Map: In L.A., Local Control Is Local Confusion

The people who could benefit from new housing stock aren't on this map—they're exiled to unincorporated areas.


There are dozens of governmental entities with the authority to regulate how residents of the Los Angeles metro area can use their land: what owners can build, what they can't build, parking minimums, property setbacks, and other regulations that often apply to new housing.

This jigsaw puzzle of local governments within a single metropolitan area can cause confusion for residents. "Housing and labor markets work at a metropolitan level," says M. Nolan Gray, research director for California YIMBY and author of Arbitrary Lines, a book about how zoning codes harm American cities. "When you're deciding where to live or work, you don't stop your search at municipal boundaries—you look around within an hour or so commute."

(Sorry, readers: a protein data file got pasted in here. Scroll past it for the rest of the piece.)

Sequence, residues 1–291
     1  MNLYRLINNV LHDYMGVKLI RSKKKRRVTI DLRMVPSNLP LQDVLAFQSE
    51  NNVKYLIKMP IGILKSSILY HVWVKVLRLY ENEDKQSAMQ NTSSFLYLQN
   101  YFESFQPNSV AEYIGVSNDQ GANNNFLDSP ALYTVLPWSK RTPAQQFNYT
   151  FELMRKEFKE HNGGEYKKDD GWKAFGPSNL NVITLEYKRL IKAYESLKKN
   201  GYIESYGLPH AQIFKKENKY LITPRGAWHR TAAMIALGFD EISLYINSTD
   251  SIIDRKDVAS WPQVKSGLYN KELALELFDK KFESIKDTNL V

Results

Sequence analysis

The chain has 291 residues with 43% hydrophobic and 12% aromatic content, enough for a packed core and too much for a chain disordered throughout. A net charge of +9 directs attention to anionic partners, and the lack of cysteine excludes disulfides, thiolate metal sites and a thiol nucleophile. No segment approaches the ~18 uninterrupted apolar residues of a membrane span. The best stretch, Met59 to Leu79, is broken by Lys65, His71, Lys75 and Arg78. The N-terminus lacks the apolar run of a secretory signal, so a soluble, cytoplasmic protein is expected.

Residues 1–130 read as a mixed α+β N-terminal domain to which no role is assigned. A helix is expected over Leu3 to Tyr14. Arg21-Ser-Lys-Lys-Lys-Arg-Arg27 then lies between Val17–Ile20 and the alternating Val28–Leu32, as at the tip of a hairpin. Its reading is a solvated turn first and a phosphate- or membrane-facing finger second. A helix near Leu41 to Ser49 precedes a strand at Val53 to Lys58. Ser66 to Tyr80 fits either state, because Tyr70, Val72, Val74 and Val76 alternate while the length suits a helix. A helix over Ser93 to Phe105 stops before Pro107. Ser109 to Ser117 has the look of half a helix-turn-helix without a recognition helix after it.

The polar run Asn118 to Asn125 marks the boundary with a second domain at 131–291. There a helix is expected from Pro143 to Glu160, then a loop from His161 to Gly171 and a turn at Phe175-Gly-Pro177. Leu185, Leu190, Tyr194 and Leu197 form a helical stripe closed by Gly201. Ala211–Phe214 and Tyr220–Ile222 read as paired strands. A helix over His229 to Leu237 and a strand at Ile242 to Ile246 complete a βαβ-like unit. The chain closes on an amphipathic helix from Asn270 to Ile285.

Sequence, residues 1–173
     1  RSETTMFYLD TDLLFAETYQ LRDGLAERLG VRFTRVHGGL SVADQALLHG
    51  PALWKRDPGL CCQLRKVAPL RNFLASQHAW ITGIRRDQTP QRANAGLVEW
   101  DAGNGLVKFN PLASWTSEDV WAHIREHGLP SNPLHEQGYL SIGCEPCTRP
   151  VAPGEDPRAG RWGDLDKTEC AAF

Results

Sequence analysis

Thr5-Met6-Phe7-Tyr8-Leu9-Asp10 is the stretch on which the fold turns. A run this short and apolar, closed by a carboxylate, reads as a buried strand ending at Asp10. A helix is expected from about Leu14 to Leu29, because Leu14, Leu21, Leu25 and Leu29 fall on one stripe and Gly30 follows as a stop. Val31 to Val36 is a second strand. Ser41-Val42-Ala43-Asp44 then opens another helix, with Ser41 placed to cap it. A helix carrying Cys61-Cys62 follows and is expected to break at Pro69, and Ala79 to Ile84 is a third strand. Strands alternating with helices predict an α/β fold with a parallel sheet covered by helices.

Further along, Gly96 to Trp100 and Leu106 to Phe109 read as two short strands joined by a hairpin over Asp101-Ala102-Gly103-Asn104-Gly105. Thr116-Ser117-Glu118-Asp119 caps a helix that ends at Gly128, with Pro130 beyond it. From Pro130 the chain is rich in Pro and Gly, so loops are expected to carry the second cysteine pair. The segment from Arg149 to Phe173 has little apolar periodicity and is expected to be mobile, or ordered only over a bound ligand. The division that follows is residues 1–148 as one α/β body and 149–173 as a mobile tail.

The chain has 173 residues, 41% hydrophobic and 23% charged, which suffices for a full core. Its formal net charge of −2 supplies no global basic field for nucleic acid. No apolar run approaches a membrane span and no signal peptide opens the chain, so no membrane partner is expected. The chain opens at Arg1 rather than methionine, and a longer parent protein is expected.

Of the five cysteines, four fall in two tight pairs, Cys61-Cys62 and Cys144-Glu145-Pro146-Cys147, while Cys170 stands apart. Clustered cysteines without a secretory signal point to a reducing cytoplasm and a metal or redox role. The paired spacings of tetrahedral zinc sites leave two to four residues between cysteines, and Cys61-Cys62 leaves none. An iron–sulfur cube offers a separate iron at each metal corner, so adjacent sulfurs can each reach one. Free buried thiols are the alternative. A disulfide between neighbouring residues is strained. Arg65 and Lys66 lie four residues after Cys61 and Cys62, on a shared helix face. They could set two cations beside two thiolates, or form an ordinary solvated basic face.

The patchwork approach can worsen land use rules, Gray warns, because each city unofficially competes by passing increasingly strict regulations to please incumbent property owners. Residents of, say, Santa Clarita or Pasadena get to protect their backyard views, the "character" of an old neighborhood, or a road with sparse traffic, while people who could benefit from new housing stock are exiled to unincorporated parts of the Los Angeles metro area, where there are fewer stakeholders to raise a ruckus.

Click to expand:

A map showing municipal governments in the Los Angeles area | (Map: Nikola O./Fiverr Source: Ian Rose/Blueschisting)
((Map: Nikola O./Fiverr Source: Ian Rose/Blueschisting))

From the October 2023 issue of Reason Magazine.